themselves and with very little loss of time. The place would be invested before the enemy could anticipate our movement.
The city of New Orleans is perfectly quiet, the people well disposed, and the city itself was never so cleanly nor so healthy. The negro regiments are organizing rapidly.
I have the honor to be, with much respect, your obedient servant,
N. P. BANKS,
HDQRS. DEPT. OF THE GULF, 19TH A. C. Numbers 185.
New Orleans, July 30, 1863.
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III. Colonel S. b. Holabird, chief quartermaster of the department, his authorized and directed to appropriate to the use of the public schools of the city of New Orleans, as a foundation for public-school libraries, to be devoted to the exclusive use of teachers and pupils, all books and engravings suitable for this object which may come into the possession of the military authorities of the United States. The chief quartermaster of the department, the superintendent of public schools, and the judge of the military court for the time being, are hereby constituted a board for the organization of one or more public-school libraries, with authority to establish all necessary rules and regulations for their use and preservation. This order will be executed without delay.
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By command of Major-General Banks:
RICH'D B. IRWIN,
BRASHEAR CITY, LA.,
July 30, 1863.
Lieutenant Colonel RICHARD B. IRWIN,
I have the honor to report everything quiet at this post; I send by dispatch boat and hand-car daily to La Fourche.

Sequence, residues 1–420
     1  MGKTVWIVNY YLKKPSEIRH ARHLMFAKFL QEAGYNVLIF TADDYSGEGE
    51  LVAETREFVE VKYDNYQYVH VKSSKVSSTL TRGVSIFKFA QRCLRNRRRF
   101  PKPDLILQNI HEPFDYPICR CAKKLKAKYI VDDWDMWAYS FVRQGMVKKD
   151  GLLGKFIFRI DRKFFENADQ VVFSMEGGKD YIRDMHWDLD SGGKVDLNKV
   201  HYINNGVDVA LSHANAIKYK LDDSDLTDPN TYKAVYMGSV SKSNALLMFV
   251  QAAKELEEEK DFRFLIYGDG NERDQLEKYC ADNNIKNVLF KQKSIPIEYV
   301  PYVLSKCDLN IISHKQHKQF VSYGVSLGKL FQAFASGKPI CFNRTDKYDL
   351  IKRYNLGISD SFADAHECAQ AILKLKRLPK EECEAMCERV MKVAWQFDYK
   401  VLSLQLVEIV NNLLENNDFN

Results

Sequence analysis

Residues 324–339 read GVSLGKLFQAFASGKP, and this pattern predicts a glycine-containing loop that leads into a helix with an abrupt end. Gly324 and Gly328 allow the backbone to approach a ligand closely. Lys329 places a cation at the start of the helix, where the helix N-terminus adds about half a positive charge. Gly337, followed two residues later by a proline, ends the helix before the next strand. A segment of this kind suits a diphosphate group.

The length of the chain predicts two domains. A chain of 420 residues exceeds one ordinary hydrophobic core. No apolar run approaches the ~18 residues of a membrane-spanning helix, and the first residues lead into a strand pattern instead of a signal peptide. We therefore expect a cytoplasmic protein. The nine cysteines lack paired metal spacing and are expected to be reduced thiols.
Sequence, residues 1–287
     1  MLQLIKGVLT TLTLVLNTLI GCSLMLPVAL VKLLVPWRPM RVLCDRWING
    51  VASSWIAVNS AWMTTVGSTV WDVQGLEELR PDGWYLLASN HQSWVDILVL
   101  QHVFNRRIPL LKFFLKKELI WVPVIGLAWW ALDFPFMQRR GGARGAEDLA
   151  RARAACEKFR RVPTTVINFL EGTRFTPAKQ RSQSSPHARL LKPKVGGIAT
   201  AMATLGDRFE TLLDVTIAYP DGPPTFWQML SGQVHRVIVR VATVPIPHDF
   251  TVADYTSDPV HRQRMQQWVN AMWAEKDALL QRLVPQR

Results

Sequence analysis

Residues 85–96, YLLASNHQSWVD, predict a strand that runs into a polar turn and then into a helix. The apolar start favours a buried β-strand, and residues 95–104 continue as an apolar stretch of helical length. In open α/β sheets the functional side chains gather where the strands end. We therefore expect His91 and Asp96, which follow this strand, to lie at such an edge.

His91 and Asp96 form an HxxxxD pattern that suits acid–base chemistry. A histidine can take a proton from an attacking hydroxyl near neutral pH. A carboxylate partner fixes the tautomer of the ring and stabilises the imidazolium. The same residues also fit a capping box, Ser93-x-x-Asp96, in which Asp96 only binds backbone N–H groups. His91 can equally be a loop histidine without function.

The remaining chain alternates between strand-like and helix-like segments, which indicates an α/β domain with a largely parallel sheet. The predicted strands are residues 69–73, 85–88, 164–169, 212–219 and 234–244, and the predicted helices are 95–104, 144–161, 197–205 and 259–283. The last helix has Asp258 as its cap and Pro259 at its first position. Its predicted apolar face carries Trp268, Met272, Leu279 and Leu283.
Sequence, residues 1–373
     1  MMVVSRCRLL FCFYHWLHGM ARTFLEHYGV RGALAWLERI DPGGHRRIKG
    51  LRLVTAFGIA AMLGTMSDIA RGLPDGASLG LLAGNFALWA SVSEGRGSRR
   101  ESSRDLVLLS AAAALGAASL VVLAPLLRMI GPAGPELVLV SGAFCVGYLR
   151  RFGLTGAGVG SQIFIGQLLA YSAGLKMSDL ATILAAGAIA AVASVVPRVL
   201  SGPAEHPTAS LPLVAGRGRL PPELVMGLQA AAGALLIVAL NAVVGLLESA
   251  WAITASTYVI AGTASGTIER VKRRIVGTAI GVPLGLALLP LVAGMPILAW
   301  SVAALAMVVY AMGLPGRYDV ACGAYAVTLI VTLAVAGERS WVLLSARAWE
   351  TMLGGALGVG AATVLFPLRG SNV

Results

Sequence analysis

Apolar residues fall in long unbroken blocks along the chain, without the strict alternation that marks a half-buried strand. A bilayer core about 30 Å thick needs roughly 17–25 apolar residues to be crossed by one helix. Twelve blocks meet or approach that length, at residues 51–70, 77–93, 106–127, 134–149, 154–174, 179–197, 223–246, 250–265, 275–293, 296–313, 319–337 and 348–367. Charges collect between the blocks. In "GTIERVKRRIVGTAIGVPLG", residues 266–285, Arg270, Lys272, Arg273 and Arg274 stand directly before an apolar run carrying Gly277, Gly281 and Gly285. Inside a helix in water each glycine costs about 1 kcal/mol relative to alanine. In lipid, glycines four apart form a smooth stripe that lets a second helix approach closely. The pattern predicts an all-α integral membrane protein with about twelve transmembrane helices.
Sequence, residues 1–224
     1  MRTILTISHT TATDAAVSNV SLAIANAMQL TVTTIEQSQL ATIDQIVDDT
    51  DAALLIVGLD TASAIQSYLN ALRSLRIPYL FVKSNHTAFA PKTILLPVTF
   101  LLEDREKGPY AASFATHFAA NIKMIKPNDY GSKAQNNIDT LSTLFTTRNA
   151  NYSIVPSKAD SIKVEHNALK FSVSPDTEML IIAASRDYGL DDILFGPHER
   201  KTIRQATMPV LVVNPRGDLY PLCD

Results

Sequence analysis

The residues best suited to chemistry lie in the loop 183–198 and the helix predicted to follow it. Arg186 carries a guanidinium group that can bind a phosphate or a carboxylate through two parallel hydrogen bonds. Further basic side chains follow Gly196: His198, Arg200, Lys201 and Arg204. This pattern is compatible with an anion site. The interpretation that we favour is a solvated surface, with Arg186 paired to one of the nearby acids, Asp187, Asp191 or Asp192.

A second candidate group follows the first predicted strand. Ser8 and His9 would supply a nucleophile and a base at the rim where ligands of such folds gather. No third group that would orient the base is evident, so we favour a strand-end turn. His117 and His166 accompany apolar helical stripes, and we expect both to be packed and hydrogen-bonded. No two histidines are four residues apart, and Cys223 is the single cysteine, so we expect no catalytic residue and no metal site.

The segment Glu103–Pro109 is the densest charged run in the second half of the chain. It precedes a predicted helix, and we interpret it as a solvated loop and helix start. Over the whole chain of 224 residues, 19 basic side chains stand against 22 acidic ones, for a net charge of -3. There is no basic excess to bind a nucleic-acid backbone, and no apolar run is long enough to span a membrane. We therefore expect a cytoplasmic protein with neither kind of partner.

The enemy are in considerable force a few miles from here. Semmes' battery is near Pettersonville, another is a few miles beyond, and between Franklin and this point are the commands of General Green and Colonel Major. Deserters come in daily, and from them, paroled prisoners, and negroes I learn that after the fall of Port Hudson and Vicksburg, the enemy, anticipating and attack from above, hastened their cavalry and a strong artillery detachment to Vermillion Bayou, intending to make a stand at the bridge. After the occupation of berwick Bay by our gunboats, the greater part of their cavalry was sent back to cover the rear of their column. A strong picket is in plain sight on the opposite side of the bay, and small parties have several times crossed to this side through Lake Palendre. Since we have been in occupation here, a party of 15 of 20 have been seizing conscripts in our rear, not 6 miles from us, and, three night ago, 5 men were carried, tied hand and foot, across the lake. About Bayou Long these acts have been frequent. With infantry alone, I am unable to do anything. I therefore request that a detachment of cavalry, and, if convenient, a section of artillery, may be sent to this post.